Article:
Student Investment can lead to increased achievement

I have been part of some intense discussion lately about how Milford Schools addresses the changing needs of students, finding ways to motivate and engage students to a higher degree.

In fact, this is an ongoing focus and concern for administrators and teachers. Much of what a school district does must be evidence-based and proven, one way or another. However, some options – such as the “Breakout” approach used by several teachers in elementary schools – are able to be easily picked up from other sources and applied to a teacher’s own specific needs. Administrators share ideas, successes, and challenges across buildings, bringing back new approaches to their own schools.

Administrators at the district and building levels are also continually researching and looking for new ideas. Some of these are explored further and may be tested, then rolled out to the entire district, such as the Feedback program. Other initiatives may take a long time to evaluate and then implement, or be too expensive – an approach may be fantastic but may not be affordable for a public school with limited funds.


I sat down with Superintendent Nancy House to talk about what the district is currently doing. One big focus right now is a homework study: what is the right type and right amount of homework at different levels?

Her big interest is what she calls Student Investment. “How do we make learning meaningful to individual students so they are invested in their own learning, and they are willing to put in the intellectual and physical requirements to succeed?” she describes.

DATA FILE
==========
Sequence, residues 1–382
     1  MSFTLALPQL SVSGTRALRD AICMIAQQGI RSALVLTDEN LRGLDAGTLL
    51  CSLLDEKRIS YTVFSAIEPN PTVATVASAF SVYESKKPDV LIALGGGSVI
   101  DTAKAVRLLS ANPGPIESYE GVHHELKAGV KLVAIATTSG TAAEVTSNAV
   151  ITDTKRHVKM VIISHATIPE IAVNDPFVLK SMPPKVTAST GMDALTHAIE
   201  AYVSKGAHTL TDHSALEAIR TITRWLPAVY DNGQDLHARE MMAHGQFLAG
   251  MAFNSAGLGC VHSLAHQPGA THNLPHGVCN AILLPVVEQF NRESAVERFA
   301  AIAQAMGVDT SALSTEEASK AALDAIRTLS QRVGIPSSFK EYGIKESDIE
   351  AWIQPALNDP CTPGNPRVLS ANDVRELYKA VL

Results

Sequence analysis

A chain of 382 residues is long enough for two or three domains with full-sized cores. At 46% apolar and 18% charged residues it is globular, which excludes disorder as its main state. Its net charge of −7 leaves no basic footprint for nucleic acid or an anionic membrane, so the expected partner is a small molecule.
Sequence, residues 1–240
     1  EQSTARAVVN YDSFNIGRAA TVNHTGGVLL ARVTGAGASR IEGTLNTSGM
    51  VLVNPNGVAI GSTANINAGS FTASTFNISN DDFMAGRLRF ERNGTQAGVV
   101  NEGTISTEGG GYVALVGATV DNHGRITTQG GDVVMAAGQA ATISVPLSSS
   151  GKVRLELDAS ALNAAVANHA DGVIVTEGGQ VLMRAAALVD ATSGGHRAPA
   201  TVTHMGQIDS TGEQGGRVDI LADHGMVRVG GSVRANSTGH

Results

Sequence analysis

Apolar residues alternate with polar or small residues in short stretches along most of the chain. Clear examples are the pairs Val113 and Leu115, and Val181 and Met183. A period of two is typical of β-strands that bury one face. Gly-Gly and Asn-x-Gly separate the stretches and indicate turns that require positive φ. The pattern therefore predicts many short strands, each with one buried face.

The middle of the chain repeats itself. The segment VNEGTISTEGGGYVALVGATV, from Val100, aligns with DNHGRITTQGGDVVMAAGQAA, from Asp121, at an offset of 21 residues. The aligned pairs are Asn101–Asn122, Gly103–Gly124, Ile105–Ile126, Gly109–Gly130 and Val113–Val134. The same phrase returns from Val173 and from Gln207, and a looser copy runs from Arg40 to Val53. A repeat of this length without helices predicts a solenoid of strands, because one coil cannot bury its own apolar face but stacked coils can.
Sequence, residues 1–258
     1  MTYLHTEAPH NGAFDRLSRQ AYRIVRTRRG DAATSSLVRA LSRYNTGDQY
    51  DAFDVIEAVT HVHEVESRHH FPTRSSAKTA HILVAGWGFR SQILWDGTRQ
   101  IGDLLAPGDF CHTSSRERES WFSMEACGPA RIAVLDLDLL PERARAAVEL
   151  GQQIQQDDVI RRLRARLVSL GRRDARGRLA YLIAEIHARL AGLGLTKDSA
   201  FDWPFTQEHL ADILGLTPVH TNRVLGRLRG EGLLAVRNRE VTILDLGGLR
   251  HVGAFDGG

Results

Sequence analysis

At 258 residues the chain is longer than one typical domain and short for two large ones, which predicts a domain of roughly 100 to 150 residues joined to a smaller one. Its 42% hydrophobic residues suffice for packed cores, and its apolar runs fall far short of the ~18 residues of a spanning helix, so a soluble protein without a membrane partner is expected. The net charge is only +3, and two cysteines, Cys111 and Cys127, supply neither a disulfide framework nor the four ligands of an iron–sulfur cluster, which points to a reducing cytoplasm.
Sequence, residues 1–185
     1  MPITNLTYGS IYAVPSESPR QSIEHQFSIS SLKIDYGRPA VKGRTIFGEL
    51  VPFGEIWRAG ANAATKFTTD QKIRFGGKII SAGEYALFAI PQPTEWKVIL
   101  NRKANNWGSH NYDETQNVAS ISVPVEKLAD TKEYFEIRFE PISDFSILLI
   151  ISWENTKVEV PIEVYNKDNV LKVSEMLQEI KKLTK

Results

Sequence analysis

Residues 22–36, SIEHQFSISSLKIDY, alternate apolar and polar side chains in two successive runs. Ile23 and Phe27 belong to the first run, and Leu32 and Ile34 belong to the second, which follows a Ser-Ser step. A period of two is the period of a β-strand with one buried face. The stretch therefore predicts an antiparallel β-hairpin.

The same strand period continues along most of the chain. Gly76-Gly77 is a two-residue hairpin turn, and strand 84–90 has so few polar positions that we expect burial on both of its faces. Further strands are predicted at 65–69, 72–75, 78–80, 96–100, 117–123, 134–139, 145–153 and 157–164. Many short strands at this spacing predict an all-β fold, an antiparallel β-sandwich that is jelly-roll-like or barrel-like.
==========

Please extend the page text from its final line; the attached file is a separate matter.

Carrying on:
There are many different approaches that can come out of this philosophy. Many involve giving more authority and responsibility to students, to allow them to direct their own learning to a much greater extent. School districts must teach standards prescribed by the state of Ohio; but how these standards are learned is completely up to the individual school (this is the curriculum). By shifting mindset from school personnel providing information for students to learn, to school personnel providing opportunities for students to explore learning, this type of investment shift can take place.

However, this is complicated and potentially expensive. We can take small steps in this direction, but how this looks is still a question. The executional approach is one that will evolve with time, but one Mrs. House, the curriculum directors, and school administration are exploring.

In the meantime, what can you as parents do? The biggest thing is to encourage your children to take more and more responsibility for themselves. Provide opportunities for them to take ownership at home, depending on age and abilities, and hold them to following through. The more responsibility a child has at home, the more likely s/he will be driven to take responsibility at school.

Video games are also a huge concern. There are many books and articles about what video games do to the brain – just google “video game effects on the brain” and start reading. The movie Screenagers: Growing up in the digital age is also a great resource – even if the film is not showing somewhere nearby, the website has a Resource section that provides very valuable information, including research, information on internet addiction, resources for appropriate digital citizenship, and even sample “screen time contracts” you can use with your children.


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